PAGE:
Non-small cell lung carcinoma was the primary cancer in most patients (19 patients [63.3%]). A single metastasis was present in 13 patients (43.3%). There was a total of 81 tumors, 33 of which were cystic. Ten patients (33.3%) were in recursive partitioning analysis Class I, and 20 (66.6%) were in Class II. Before drainage the mean tumor volume was 21.8 ml (range 3.8-68 ml); before GKS the mean tumor volume was 10.1 ml (range 1.2-32 ml). The mean prescription dose to the tumor margin was 19.5 Gy (range 12-25 Gy). Overall median patient survival was 15 months. The 1- and 2-year survival rates were 54.7% (95% confidence interval 45.3-64.1%) and 34.2% (95% confidence interval 23.1-45.3%). Local tumor control was achieved in 91.3% of the patients.
The results of this study support the use of a multiple stereotactic approach in cases of multiple and cystic brain metastasis 15).

Case reports

2015

A study describes the first case of histopathologically-confirmed brainstem metastasis originating from lung adenosquamous carcinoma, and discusses the outcomes of treatment by stereotactic aspiration combined with gamma knife radiosurgery (GKRS). A 59-year-old female presented with a cystic mass (15×12×13 mm; volume, 1.3 cm3) located in the pons, two years following surgical treatment for adenosquamous carcinoma of the lung. The patient received initial GKRS for the lesion in the pons with a total dose of 54.0 Gy, however, the volume of the mass subsequently increased to 3.9 cm3 over a period of three months. Computed tomography-guided stereotactic biopsy and aspiration of the intratumoral cyst were performed, yielding 2.0 cm3 of yellow-white fluid. Histology confirmed the diagnosis of adenosquamous carcinoma. Aspiration provided immediate symptomatic relief, and was followed one week later by repeat GKRS with a dose of 12.0 Gy. The patient survived for 12 months following the repeat GKRS; however, later succumbed to the disease after lapsing into a two-week coma. The findings of this case suggest that stereotactic aspiration of cysts may improve the effects of GKRS for the treatment of cystic brainstem metastasis; the decrease in tumor volume allowed a higher radiation dose to be administered with a lower risk of radiation-induced side effects. Therefore, stereotactic aspiration combined with GKRS may be an effective treatment for brainstem metastasis originating from adenosquamous carcinoma 16).

2009

A 71-year-old man who was admitted to the emergency department after an episode of loss of consciousness. On neurological examination a left hemiparesis was observed. The patient’s previous history entailed a total cystectomy and radical prostatectomy 7 months ago because of a transitional cell carcinoma (TCC) of the urinary bladder. Brain imaging work-up revealed a cystic lesion with perifocal edema in the right frontal lobe. The patient was operated and the histological diagnosis was consistent with a metastatic carcinoma, with morphological, histochemical and immunohistochemical features comparable to those of the primary tumor. Postoperative the patient was in excellent neurological state and received complementary chemotherapy and total brain irradiation. Additional imaging and laboratory examinations excluded other metastatic lesion. The patient died 18 months later due to systemic disease. Although intracranial metastases from TCC of urinary bladder have a low incidence, in follow-up examinations any alterations in neurological status in these patients should be thoroughly evaluated 17).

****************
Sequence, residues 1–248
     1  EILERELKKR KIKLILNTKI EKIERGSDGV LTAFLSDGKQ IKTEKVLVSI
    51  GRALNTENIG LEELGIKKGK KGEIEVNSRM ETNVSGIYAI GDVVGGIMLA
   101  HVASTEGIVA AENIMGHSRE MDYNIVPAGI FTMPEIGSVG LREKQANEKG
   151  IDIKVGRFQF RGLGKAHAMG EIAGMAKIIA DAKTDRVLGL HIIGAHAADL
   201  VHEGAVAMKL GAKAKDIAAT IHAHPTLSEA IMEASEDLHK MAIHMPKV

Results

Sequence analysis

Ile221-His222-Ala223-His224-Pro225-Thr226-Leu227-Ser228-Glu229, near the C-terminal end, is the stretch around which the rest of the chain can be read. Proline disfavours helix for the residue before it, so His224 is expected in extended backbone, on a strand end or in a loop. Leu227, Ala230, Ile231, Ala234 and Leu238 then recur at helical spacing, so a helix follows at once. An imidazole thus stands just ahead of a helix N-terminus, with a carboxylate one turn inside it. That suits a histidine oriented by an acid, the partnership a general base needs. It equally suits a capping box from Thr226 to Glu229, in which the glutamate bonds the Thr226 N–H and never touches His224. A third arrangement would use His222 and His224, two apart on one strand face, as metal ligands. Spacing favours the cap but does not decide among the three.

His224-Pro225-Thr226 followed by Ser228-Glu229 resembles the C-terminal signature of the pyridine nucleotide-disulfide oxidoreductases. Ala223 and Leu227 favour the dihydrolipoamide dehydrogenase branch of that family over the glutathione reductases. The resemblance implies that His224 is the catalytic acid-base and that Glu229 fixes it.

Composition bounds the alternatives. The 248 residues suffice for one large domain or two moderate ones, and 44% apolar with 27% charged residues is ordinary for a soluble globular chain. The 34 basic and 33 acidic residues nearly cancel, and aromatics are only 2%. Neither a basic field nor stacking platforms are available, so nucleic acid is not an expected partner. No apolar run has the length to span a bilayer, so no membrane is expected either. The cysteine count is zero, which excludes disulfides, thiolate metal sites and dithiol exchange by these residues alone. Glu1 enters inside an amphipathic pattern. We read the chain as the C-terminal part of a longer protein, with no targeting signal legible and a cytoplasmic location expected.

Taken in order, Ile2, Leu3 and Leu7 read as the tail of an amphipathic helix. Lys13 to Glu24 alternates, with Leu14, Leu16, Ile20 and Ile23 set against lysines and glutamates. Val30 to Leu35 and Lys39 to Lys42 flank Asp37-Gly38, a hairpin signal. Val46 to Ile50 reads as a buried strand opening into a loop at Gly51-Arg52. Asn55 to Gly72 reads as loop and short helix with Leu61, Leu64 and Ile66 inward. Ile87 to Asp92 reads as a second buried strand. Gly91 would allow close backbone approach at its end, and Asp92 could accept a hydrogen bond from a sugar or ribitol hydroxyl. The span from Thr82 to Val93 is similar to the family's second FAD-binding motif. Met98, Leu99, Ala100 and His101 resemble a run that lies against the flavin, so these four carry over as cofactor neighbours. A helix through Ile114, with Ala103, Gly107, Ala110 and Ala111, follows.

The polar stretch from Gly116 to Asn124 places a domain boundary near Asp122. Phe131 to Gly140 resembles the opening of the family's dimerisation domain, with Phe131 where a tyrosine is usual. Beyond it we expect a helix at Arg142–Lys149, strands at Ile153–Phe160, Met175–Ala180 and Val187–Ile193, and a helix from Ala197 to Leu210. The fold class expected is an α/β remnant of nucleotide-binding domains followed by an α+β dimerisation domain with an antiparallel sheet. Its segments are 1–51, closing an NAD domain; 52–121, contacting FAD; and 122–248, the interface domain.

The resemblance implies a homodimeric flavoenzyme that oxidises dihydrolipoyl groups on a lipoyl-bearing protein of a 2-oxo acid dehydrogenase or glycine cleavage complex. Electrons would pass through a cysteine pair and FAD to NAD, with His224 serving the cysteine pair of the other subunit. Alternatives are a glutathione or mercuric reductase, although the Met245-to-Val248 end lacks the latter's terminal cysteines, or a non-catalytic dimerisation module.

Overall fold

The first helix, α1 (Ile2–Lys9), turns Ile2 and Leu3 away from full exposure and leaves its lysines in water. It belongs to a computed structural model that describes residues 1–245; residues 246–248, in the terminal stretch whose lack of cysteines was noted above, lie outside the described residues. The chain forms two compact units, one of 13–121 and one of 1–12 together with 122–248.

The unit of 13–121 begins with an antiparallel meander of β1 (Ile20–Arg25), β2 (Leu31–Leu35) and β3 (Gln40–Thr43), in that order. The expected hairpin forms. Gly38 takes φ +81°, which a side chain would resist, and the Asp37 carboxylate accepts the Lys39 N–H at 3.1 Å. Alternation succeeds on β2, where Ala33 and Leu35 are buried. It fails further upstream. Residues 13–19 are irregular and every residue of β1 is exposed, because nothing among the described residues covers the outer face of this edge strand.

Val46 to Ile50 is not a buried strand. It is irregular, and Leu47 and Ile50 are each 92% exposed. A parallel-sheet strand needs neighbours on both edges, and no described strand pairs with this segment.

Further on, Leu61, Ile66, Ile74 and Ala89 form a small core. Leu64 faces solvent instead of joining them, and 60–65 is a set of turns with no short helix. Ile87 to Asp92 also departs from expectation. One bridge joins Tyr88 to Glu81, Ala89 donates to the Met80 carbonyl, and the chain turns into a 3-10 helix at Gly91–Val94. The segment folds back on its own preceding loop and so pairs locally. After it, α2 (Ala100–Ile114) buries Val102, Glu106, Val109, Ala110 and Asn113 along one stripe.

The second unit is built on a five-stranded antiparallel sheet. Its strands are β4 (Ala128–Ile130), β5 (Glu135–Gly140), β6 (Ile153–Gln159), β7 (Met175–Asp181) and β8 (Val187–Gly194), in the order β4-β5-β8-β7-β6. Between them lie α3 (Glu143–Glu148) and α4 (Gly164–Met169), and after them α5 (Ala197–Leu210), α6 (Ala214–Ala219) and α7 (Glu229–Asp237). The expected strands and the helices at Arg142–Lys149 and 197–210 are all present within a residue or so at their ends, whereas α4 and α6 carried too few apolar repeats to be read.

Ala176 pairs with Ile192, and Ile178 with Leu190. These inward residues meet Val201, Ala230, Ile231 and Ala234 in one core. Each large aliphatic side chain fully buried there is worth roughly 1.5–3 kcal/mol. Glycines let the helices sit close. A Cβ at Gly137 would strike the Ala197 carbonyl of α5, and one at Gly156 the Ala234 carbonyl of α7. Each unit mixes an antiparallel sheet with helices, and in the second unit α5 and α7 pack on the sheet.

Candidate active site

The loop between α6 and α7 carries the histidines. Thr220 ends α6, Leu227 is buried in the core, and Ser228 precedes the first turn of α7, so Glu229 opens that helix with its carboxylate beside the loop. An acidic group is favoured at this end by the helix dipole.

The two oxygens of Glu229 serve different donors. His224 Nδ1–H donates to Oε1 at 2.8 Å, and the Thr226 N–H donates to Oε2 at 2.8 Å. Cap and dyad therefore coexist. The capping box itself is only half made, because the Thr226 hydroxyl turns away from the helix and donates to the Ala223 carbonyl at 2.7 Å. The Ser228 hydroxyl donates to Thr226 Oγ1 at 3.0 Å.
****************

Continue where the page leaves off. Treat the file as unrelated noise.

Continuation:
Cystic brain metastases from small-cell lung carcinomas are exceedingly rare and neurosurgical operations are not suitable for those cases considering invisible micrometastases. A 34-year-old female patient presented with small-cell lung carcinoma that metastasized to the brain as a solitary cyst with a thin wall 24 months after a good partial response to initial chemoradiotherapy. The brain mass volume and the main symptom of left hemiplegia, which made the Karnofsky performance status (KPS) fall to 30%, did not respond to whole brain irradiation. Therefore, an Ommaya reservoir was inserted, which dramatically improved the KPS to 70%. This minimally invasive surgical strategy is suitable even for patients with a poorer KPS bearing cystic brain metastases 18).

References

1)

Kim MS, Lee SI, Sim SH. Brain tumors with cysts treated with Gamma Knife radiosurgery: is microsurgery indicated? Stereotact Funct Neurosurg. 1999;72 Suppl 1:38-44. PubMed PMID: 10681689.
2)

Stem K. Chemical study of fluids obtained from cerebral cysts: Report on 56 cases. Brain. 1939;62:88. doi: 10.1093/brain/62.1.88.
3)

CUMINGS JN. The chemistry of cerebral cysts. Brain. 1950 Jun;73(2):244-50. PubMed PMID: 14791790.
4)

GARDNER WJ, COLLIS JS Jr, LEWIS LA. Cystic brain tumors and the blood-brain barrier. Comparison of protein fractions in cyst fluids and sera. Arch Neurol. 1963 Mar;8:291-8. PubMed PMID: 13946556.
5)

Ishikawa E, Yamamoto M, Saito A, Kujiraoka Y, Iijima T, Akutsu H, Matsumura A. Delayed cyst formation after gamma knife radiosurgery for brain metastases. Neurosurgery. 2009 Oct;65(4):689-94; discussion 694-5. doi: 10.1227/01.NEU.0000351771.46273.22. PubMed PMID: 19834373.
6)

Ramanathan N, Kamaruddin KA, Othman A, Mustafa F, Awang MS. Cystic Meningioma Masquerading as a Metastatic Tumor: A Case Report. Malays J Med Sci. 2016 May;23(3):92-4. PubMed PMID: 27418876; PubMed Central PMCID: PMC4934725.